The power of speech is amazing. Someone else's words can uplift you or give you the motivation to make a difference. For me, I was inspired by a TED Talk at an educational conference. The first words from the speaker told the truth about our produce in our grocery stores. He said, “Did you know that the average apple at the grocery store is anywhere from 6-14 months old from the time it was picked off a tree.” At that moment, I was hooked. I kept listening and I couldn’t believe the engrossing facts about our food. In fact, I didn’t want to believe it and so I did my research. Sure enough, the presenter was right.
I would like to tell you that I am a CEO of a multi-million dollar corporation or a state representative that created a bill for change from that moment. But I am not. I am an elementary school teacher and I was teaching 4th grade at a title I school in South Carolina when I saw that TED Talk. Here is the story about how I shared the science behind that TED Talk with the 32 ten-year-olds in my classroom.
I needed a way not only to inspire my students to become healthy eaters but to also teach my students to understand food labels, nutrition, and how they can strive to make better choices when eating. I started to brainstorm, I could bring in a speaker to my class, maybe a farmer or a nutritionist to speak about plant growth and food. But if you teach elementary, you would know it’s all about the “glitz and glitter” to get those kids excited about school. So I went to a trusted source (Google) to help me find something that could be hands-on with gardening.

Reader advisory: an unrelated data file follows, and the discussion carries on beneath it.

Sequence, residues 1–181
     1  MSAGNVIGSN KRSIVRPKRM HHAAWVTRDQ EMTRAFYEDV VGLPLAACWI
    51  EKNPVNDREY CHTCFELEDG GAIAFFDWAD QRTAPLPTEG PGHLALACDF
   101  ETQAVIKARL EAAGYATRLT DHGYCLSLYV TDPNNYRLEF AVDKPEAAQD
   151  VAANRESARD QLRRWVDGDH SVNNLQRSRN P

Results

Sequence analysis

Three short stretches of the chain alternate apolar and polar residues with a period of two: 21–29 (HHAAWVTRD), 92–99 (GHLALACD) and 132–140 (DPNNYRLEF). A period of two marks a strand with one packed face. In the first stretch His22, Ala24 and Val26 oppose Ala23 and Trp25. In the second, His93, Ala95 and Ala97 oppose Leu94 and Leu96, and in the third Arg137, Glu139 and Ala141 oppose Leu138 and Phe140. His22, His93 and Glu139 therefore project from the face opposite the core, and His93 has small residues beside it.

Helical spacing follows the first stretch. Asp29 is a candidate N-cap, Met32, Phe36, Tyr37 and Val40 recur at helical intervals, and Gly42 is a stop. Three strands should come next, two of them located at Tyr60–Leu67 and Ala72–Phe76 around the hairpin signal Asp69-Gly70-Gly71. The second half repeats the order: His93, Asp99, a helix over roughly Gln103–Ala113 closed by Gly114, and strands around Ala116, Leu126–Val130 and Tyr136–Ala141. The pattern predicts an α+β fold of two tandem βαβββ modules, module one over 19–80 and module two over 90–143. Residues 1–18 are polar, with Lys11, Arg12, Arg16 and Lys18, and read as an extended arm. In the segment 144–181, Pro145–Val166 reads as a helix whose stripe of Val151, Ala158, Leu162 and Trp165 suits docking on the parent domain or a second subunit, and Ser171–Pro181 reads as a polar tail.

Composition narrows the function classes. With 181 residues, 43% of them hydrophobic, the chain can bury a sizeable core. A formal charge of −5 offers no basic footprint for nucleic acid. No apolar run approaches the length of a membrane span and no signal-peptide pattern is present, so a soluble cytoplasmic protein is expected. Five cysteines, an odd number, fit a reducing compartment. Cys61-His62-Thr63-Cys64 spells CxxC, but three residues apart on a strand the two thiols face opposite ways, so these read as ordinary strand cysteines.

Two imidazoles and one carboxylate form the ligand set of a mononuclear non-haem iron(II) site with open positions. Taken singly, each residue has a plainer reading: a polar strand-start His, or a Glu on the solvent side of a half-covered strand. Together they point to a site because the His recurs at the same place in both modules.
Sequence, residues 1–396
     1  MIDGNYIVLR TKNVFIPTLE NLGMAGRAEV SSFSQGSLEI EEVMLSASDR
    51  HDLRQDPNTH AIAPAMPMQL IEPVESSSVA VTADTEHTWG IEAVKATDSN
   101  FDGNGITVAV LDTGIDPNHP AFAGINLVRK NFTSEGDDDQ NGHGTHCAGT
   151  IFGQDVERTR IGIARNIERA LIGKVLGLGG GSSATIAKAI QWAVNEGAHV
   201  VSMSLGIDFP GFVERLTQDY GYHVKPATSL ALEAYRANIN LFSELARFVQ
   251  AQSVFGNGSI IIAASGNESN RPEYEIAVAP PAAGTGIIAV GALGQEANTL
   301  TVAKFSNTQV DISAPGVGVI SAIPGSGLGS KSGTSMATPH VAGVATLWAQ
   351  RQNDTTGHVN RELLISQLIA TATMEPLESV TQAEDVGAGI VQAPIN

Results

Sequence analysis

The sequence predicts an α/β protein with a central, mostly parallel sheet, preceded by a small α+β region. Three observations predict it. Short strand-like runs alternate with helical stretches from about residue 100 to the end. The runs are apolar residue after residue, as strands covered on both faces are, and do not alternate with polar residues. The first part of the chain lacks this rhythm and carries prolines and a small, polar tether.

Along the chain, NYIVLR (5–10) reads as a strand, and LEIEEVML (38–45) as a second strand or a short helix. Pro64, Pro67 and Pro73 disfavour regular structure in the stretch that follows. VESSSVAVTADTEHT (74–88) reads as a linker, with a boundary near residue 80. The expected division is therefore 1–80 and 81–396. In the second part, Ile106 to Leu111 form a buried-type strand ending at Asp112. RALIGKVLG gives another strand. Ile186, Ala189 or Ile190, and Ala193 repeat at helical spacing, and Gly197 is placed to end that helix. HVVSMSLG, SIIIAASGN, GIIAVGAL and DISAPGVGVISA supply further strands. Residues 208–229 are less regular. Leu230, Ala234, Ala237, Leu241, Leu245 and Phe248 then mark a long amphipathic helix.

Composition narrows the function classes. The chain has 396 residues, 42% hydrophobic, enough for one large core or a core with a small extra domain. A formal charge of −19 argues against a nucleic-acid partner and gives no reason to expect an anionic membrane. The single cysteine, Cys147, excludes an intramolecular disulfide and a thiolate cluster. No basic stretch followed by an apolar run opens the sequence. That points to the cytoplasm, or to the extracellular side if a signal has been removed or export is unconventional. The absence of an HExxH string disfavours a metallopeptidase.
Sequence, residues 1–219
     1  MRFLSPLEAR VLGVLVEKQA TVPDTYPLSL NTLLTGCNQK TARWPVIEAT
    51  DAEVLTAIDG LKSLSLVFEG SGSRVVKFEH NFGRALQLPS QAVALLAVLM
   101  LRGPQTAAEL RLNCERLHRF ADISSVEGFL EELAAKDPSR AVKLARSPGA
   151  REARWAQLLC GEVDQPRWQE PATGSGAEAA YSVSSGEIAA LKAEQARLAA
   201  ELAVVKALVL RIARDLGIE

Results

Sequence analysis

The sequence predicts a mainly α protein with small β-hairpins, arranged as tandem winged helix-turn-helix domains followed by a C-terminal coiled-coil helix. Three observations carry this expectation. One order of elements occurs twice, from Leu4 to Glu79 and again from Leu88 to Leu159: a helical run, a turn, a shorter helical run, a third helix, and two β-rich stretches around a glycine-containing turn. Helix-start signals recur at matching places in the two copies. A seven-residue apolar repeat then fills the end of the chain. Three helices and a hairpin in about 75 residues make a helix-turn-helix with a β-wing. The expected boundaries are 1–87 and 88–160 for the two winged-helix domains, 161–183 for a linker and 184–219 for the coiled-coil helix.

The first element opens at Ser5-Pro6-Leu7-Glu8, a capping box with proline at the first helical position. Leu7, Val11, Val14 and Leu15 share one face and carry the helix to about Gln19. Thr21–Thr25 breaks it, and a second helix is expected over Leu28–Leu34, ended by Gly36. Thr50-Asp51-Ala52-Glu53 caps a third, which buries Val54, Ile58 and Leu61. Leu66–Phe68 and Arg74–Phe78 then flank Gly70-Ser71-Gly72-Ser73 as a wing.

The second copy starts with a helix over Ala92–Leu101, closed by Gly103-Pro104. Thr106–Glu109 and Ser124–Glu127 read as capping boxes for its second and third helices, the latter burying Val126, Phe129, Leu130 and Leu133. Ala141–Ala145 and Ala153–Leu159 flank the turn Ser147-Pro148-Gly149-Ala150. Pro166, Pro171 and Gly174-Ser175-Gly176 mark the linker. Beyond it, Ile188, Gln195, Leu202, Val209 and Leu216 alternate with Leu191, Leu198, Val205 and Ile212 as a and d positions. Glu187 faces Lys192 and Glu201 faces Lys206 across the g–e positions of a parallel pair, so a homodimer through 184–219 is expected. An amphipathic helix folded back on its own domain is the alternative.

Hydroponics is a way to garden that uses no soil. Instead, plants can grow indoors using a vertical system that requires recycled water from a reserved tank, a mixed solution of nutrients, and UV light. As a teacher, all I can think about were the positive effects on student learning, and the best thing: no complaints from administration or parents!
Although cheaper than taking students on multiple field trips, hydroponics can still be expensive. So like all public school teachers, I wrote a grant. After a few attempts at grant writing and getting administration to approve, I finally purchased a hydroponic tower for my classroom. This is a must-have if you want to focus your curriculum around a project-based unit like I did. I wanted my students to understand how the hydroponic system worked and the difference between greenhouse farming compared to an outside setting.
However, I knew about one loop hole with food and school administration. I went to the parent association. I bargained for a deal to donate the produce to parent association family night events where students would present the garden tower and donate veggie and fruit produce to families within our school community. Families would come up and ask students for a head of lettuce or some basil and the student would harvest the plant right in front of the family. This moment would give the students a real world experience by showing how their harvest would then end up at a neighbor’s kitchen table. I was creating a farm to table experience for my students but inside my school community.
Years later, I was still farming with students inside the classroom but our little 24 root system had turned into a hydroponic lab that harvested over 180 plants at one setting! All of that harvest went on family dinner tables and not one cherished head of lettuce went to waste. Over the years, I have used my project-based gardening curriculum with hundreds of students from Kindergarten to eighth grade.
I still can’t go into a grocery store without looking at an apple from a different perspective. Someone's story inspired me to create a hydroponic lab facility for hundreds of elementary students. I hope maybe my story plants the seed (pun intended) for you to try gardening in the classroom or even to give you the mindset to try something new!
With over a decade of experience as an educator, I want to share some of the best practices that I've discovered for bringing the real world into the classroom.